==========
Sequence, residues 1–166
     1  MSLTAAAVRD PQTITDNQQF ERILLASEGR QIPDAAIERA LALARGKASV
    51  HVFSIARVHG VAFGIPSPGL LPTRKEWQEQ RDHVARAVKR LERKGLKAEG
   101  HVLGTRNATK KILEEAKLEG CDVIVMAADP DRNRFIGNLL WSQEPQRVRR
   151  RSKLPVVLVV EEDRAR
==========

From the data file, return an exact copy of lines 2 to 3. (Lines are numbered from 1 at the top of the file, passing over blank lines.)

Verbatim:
     1  MSLTAAAVRD PQTITDNQQF ERILLASEGR QIPDAAIERA LALARGKASV
    51  HVFSIARVHG VAFGIPSPGL LPTRKEWQEQ RDHVARAVKR LERKGLKAEG